Back home in the midwest we have these grocery stores called “Aldi”. I loved shopping there, everything was cheap, good quality, and encouraged the environmenally friendly use of your own shopping bags. Well, everyone has been tellling me about this grocery store in Frankfurt called “Aldi” where they hurry you through the check out and things are just in boxes in aisles, and I’ve been cool as a cuke responding with, “Oh yea, we have those back where I’m from, no problem, that will be familiar for me.”
Well, go back in time and tell the Lori that’s too cool for school, that the Aldi in Germany is still different, and even the teeniest sense of familiarity was forgotten when I first walked in the door… For those of you who aren’t familiar, the shopping carts in the US stores are locked together by a coin reimbursement system. You put in a quarter, it unlocks the cart for you, you put cart back, if gives you the quarter back. Easy right? Well, here the carts are locked together, but the coinage is OF COURSE different, silly Lori, stuck in front of the carts wondering which coin to put in the mechanism, with massive waves of locals hurrying in behind me. So I stay cool like the cucumber I’m sure I am, and just do a hand basket-those are free.
Enter the toiletry items aisle. I need hair gel for Mauricio, and shampoo and conditioner. Well, shampoo is shampoo, but conditioner, is not the word conditioner….so I grab a “creme” but this has words on it that appear to be talking about the face, and I’m sure that would make my straight hair lie even flatter to my head (if that is even possible). Idea! I have a dictionary in my purse-nope it does not have the word conditioner in it. Then I see Spülung on these bottles by the shampoo, they look exactly like the shampoo bottles and my powers of deduction tell me yes, this is surely conditioner, (Spülung is not in my dictionary). The wave of the cool cucumber washes back over me, I got this, I bet I’m totally blending in here….I haven’t asked anyone for help, I am wearing a scarf around my neck, and I’ve got bags.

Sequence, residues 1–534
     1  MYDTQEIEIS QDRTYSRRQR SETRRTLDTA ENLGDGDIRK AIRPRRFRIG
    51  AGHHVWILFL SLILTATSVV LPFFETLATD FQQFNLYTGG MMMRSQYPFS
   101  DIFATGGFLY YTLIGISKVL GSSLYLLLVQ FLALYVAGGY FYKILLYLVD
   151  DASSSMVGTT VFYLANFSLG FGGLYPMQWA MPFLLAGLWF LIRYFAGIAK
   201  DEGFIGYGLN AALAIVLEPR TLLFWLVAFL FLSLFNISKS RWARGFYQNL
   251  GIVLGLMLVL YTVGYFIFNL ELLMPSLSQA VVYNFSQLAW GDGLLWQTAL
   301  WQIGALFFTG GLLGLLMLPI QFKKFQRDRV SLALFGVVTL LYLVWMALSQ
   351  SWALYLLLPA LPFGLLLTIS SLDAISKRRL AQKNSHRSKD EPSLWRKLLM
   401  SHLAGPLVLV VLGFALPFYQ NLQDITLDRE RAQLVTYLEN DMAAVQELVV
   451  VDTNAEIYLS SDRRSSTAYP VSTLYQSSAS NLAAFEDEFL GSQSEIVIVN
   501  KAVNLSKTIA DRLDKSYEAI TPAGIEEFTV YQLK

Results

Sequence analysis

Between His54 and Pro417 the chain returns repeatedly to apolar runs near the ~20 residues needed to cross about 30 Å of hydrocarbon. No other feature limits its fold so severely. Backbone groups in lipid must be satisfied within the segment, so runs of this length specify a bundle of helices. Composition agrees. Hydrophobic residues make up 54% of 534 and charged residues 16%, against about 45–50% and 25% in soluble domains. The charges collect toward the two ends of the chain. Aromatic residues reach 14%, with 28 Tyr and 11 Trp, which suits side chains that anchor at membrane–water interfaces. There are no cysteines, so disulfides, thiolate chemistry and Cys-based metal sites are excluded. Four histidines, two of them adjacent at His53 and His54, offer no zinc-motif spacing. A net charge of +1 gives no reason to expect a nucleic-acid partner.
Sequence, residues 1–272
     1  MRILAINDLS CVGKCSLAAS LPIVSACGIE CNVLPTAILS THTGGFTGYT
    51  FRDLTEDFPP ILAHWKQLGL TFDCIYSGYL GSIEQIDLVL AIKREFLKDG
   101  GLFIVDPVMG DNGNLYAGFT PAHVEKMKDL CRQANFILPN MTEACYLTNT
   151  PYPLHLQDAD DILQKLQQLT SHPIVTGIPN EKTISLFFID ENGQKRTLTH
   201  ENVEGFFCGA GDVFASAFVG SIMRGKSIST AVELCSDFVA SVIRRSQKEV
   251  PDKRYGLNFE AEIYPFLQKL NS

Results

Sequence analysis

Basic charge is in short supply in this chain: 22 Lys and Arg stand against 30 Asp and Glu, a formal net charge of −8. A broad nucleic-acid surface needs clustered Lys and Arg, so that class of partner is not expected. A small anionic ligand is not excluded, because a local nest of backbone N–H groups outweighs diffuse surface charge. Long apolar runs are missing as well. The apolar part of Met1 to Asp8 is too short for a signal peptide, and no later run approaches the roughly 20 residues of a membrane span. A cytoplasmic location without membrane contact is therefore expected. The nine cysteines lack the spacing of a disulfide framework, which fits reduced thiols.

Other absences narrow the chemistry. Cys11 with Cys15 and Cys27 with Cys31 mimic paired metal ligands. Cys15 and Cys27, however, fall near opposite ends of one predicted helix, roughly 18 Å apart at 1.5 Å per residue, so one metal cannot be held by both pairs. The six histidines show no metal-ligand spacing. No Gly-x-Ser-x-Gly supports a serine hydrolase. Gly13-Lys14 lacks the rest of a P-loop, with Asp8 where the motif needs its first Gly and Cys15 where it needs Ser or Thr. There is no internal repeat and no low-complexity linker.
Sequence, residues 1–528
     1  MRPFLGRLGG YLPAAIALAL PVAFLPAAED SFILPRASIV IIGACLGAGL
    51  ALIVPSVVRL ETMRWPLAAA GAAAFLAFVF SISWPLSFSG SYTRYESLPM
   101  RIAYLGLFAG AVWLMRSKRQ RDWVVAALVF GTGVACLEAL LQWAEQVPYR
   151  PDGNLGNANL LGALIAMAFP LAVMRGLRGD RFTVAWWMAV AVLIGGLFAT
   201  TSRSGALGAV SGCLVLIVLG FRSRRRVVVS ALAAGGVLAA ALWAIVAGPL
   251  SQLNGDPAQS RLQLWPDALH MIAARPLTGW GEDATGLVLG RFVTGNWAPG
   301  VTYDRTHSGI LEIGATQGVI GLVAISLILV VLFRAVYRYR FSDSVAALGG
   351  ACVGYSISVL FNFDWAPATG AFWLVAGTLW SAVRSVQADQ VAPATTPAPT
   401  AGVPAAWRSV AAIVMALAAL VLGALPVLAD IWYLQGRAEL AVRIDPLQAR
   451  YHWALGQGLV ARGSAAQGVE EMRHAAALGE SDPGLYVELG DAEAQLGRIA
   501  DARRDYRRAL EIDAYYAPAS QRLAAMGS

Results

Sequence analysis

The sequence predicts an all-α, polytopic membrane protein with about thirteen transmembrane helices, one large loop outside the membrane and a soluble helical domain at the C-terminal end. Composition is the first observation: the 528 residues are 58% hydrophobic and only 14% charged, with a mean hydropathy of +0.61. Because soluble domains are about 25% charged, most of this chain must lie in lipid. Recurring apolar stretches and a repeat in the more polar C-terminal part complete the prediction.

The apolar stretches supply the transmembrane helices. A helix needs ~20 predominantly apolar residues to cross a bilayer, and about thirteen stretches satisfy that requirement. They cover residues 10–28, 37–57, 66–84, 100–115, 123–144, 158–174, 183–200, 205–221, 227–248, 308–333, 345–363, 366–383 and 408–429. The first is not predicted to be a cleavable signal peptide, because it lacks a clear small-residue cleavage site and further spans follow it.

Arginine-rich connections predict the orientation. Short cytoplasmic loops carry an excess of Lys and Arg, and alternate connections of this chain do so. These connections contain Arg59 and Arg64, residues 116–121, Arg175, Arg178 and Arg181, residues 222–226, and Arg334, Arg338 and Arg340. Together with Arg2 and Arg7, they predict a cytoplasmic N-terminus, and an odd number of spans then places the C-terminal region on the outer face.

Also, I make a mental note, buy a better purse dictionary, this one is crap.
I walked up and down every single aisle, taking my time, but not too much time mind you, and off to the check out line. I have everything out on the belt, my reusable bags out ready to field the items I know will be flung quickly at me, and the clerk speaks to me in Deutsch. I look at her blankly, unsure if she’s just given me a greeting? Oh no, she says it again and looks at me expectantly, so I stutter out “Ich nicht spriche Deutsch” and the woman in line behind me sighs and grabs the hand basket from me to put it away in its proper spot that I walked right by. My cover is blown, they all know I’m a foreigner. I say my apologies “Tut mir leid” to all parties involved and quickly pay for my groceries as they are yes, being flung to the edge.
Am I dramatic? Absolutamente! Everything seems monumental, no matter how mundane. Next time will be easier, its the firsts that are the hardest. I will get comfortable with being awkward and uncool. I will revel in it, but I think I will continue to wear the scarves, a little bit of cool is ok, right?